Note - For shipping outside the United States, add $5 USD for the Thank You Stickers, and $10 USD for all sensor reward levels. International items will ship USPS First Class Mail.
T-Shirt Designs: Check out our new T-Shirt designs:
There are many steps to coordinate to produce and ship the finished FlexVolts. We plan on ordering a low-volume quality control production run to ensure all steps of PCB printing, assembly, and design are to our satisfaction. We expect to be shipping USB and Arduino shield units by March, 2014. Here is a list of the steps we will take:
After Fulfillment - once we have shipped all rewards, we will focus on the user forums, to allow you to provide feedback, share ideas, and share modifications of the open source codes. We will open a web store and continue selling and supporting FlexVolt units at www.FlexVoltBiosensors.com
What We Will Do With The Money
We believe in transparency and have broken down the distribution of funding in the pie chart above.
- Note that 38% of the funding goes directly to purchasing the components (at bulk discounts!), and another near 20% goes to payment fees and shipping.
- The near 20% for development includes circuit design and analysis, PCB design, product enclosure and wiring specifications, app programming, firmware development, prototype testing, and educational material development.
- The assembly and testing (5% of the budget) will be performed in-house and includes soldering leads, USB wires, and through-hole components like pin headers, installing PCBs in enclosures, and testing each unit prior to shipping.
- The PCBs will be printed and assembled in the Northeastern United States. Even with high volume order discounts, this cost makes up 20% of the project funding.
Where We Are Now In The Design Process
We have functional PCB prototypes for the USB and Arduino Shield versions of the FlexVolt. Both were printed by OSH Park (note the purple boards!) and assembled in-house.
We have also already tested several different sensor leads, and we have selected pinch leads, such as those on the right in the image above, to make it easier to swap leads and channels.
We have chosen the PIC16 from Microchip as the brains for our sensors. We have tested the operation on both PC and Mac machines, and we are currently finalizing the beta version of the firmware necessary to handle USB communications and EMG sensing.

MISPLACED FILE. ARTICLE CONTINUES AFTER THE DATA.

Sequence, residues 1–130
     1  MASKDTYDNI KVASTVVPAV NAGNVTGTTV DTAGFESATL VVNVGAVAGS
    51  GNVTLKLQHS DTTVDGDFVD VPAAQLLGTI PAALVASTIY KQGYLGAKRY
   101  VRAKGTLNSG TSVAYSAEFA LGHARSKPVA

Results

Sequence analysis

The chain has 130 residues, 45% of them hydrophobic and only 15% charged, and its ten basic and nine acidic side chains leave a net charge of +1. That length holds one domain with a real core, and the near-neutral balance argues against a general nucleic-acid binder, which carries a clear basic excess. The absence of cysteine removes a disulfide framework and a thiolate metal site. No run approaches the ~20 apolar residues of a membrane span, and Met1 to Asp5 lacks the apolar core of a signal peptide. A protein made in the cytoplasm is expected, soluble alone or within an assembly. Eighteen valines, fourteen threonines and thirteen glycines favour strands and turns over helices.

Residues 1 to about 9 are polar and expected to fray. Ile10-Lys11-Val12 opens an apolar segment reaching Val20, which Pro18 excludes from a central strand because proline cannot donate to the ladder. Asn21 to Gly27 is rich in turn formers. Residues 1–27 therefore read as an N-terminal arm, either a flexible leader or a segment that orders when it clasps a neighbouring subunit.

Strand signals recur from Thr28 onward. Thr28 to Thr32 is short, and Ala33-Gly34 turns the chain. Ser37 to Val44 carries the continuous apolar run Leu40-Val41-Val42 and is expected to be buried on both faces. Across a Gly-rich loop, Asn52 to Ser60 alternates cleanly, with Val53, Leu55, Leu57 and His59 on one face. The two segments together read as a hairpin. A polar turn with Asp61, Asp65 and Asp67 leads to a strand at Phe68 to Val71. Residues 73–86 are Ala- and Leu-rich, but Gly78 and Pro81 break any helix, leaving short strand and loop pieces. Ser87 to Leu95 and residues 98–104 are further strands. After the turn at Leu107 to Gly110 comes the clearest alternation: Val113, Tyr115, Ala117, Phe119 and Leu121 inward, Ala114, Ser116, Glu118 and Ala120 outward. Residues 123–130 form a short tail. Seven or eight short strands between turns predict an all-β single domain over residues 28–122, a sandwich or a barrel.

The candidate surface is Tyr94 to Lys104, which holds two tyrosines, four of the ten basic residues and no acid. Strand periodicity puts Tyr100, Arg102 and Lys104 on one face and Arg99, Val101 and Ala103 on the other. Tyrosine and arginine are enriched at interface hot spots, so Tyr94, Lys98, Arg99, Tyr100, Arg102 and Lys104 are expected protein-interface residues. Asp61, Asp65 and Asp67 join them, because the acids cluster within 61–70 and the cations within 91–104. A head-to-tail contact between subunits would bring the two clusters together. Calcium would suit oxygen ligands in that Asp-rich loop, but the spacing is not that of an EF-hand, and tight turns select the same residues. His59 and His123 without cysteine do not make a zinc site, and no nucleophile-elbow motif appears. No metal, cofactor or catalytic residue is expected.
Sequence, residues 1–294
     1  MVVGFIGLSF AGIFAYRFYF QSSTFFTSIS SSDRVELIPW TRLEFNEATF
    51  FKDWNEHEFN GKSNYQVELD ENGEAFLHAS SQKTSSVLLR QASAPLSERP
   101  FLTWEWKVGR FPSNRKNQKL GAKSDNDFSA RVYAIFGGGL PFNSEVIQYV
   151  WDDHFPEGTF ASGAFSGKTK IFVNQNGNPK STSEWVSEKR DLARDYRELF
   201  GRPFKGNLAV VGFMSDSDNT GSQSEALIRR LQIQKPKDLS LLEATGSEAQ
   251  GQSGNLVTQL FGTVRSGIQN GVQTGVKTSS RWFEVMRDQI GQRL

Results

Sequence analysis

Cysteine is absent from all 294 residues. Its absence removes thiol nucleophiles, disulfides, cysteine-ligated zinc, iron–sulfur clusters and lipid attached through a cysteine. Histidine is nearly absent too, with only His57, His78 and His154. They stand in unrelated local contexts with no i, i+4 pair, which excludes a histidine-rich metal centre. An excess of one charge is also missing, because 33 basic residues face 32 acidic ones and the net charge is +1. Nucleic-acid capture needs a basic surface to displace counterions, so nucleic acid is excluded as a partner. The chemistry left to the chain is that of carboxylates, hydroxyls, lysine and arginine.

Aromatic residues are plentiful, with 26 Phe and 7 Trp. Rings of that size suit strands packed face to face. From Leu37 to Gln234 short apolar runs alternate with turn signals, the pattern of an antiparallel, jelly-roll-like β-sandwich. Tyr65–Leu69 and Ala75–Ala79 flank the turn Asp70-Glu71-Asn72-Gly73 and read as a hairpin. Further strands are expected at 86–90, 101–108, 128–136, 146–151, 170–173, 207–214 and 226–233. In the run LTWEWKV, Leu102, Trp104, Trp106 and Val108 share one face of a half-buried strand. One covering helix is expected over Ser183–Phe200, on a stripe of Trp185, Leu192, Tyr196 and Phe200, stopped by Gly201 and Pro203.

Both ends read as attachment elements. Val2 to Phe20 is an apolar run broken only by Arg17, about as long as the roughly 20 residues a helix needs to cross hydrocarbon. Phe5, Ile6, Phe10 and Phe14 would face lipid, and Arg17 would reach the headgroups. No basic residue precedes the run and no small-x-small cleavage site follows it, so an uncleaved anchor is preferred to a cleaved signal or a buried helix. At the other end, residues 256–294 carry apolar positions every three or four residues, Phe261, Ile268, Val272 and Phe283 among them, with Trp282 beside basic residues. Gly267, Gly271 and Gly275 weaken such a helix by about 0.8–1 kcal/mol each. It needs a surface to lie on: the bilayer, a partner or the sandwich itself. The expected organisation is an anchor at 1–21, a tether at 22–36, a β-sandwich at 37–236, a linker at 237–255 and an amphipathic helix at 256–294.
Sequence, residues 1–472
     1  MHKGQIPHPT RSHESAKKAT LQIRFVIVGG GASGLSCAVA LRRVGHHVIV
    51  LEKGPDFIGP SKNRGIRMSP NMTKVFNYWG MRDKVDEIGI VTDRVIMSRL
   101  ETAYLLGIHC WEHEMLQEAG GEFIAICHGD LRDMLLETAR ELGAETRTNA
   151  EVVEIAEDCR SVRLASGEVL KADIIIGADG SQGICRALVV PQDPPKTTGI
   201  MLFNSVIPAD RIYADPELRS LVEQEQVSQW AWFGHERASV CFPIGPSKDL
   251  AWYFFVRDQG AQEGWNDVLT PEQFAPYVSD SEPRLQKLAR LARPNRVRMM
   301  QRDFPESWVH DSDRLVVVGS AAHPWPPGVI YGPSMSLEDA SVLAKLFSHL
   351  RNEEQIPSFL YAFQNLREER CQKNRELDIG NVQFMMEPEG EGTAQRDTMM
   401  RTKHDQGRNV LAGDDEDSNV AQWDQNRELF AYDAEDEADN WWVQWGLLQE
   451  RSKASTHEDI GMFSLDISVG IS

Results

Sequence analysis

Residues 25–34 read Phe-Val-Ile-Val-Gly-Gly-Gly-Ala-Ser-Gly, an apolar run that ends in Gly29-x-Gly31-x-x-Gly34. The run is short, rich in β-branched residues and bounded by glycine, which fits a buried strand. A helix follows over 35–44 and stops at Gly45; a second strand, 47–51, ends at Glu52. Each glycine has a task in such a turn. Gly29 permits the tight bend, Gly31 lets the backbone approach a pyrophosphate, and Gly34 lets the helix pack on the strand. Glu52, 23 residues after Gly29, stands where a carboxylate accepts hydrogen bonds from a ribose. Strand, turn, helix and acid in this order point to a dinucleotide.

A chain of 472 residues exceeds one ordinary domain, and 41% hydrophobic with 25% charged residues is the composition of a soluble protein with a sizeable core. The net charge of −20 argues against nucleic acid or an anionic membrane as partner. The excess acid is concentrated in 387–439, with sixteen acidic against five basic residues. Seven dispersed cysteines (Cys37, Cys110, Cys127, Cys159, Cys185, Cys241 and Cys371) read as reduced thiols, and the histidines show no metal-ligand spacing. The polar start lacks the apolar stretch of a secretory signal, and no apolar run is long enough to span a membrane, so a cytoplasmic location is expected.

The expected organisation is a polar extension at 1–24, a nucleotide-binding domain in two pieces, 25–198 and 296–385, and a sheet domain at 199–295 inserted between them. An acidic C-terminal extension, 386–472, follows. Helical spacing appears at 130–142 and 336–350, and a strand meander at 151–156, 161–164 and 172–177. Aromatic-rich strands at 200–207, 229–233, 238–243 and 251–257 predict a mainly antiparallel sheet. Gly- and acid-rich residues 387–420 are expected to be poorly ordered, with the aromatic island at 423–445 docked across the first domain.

We have several apps already developed, using Processing, for visualization, analysis, mouse control, mouse games, physical therapy games, and exercise monitoring.
We also have Arduino code developed for use with the FlexVolt shield. The code functions currently include a two-way communications handshake, data transfer, channel selection, and sampling rate selection, all from the app running on the computer.
If we do surpass our kickstarter goal, our stretch goals might include:
- Wireless transmission: connect to a computer or smart phone via Bluetooth. (Click to see prototype)
Mobile app development: expansion into mobile phone apps, because running FlexVolt from a smartphone would be pretty sweet.
Electrode armbands: the sticker electrodes work very well, and we expect them to be a hit among students during demos in the classroom, but we have put preliminary research into alternatives to the sticker electrodes that would incorporate electrodes into an arm band for longer term use of the FlexVolt.
The Story Behind FlexVolt
The FlexVolt idea started with a desire for alternatives to the standard human-machine-interfaces (mouse, keyboard, joystick). These standards have been around, largely unchanged, for decades. The desire for a more intuitive interface led to investigations in implantable electrodes (yikes!), wearable force sensors, and ultimately biosensors to measure surface biosignals like the voltage generated during muscle flex. It was at this point that we realized there currently wasn't a sensor in that category that was both wearable, affordable, and accessible for educational or home use.